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|Interview with Nobuo Uematsu & Yasunori Mitsuda - Making of Gun Hazard
Interviewer: Yoko Sugimoto
First off, you, Mr. Uematsu, are the composer for the Final Fantasy series, and you, Mr. Mitsuda, the composer for Chrono Trigger. Up until now, you've both worked on fantasy RPG style games, prominently displaying what I think is a very melodious style. With this being a completely different type of game, did you suffer any bewilderment or resistance, thinking, "Man, I'm out of my element"?
U: Bewilderment? There was that, sure.
M: It's like that for any game.
U: Really, even for Final Fantasy, for any game, I experience confusion and resistance. Anyway yeah, for Gun Hazard, I figured since it was an Action RPG, it would include action stages, so there would be long action-packed scenes, with a need for melodies to undulate and carry the drama. I found these sections very difficult to compose for. In the end, there were many parts where I combined loud dynamics with stylish sound colors and cool phrases.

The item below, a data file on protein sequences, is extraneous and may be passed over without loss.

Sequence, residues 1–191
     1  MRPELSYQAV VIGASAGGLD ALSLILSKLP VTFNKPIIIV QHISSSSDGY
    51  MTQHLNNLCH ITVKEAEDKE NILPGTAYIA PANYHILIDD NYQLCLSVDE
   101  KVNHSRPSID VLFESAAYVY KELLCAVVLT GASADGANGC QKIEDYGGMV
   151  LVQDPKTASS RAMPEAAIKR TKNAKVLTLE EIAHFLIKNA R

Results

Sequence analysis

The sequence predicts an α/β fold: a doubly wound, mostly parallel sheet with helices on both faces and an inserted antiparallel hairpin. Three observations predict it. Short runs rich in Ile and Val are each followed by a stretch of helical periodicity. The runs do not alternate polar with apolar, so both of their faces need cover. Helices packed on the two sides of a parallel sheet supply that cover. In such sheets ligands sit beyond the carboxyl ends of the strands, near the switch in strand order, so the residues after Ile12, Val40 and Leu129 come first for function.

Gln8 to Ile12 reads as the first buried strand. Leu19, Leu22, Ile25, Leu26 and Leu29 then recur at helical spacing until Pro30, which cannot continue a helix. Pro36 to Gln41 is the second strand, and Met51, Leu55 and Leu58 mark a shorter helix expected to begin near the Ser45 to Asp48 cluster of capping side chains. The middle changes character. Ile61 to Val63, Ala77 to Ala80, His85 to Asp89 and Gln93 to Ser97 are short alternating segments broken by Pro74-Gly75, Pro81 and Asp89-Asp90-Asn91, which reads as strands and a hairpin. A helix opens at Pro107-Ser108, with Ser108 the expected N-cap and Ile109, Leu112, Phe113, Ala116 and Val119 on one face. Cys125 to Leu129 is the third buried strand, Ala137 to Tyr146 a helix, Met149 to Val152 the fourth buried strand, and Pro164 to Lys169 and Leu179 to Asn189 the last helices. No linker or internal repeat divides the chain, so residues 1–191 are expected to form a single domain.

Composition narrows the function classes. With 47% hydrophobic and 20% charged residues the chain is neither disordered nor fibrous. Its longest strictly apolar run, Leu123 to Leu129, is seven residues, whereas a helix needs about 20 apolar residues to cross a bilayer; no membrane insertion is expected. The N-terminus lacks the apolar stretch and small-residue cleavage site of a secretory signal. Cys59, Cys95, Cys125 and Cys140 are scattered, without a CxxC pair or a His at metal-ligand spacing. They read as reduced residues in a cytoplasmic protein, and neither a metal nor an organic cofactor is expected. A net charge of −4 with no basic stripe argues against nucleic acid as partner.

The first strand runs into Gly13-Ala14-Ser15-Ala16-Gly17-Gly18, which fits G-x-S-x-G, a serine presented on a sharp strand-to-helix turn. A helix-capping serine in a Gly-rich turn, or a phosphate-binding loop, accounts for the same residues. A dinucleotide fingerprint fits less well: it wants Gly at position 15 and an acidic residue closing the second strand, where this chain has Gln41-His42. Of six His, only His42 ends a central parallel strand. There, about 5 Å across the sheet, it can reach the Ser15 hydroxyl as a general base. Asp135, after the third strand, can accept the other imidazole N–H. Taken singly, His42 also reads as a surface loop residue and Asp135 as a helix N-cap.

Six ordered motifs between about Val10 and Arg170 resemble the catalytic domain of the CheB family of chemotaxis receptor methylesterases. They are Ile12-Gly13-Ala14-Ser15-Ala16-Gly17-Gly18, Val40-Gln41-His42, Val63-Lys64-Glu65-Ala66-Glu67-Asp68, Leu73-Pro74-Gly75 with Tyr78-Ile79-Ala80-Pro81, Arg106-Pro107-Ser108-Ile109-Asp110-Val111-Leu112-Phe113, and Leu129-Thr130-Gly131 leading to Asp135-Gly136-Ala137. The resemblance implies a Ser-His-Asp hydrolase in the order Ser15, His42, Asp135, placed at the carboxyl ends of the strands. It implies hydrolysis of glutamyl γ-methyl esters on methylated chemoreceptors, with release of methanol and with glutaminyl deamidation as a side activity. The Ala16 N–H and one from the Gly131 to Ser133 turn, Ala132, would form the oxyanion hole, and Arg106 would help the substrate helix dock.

M: Hmm, not being able to write melodious music, that was the hardest thing. I was very conscious of trying to create something stylish, and I put this across using rhythm, and timbres that had a strong impact in and of themselves...
So this game, Gun Hazard, is part of the Front Mission series. Were you conscious of the first Front Mission's music while working?
U: Were you?
M: I'd be lying if I said no.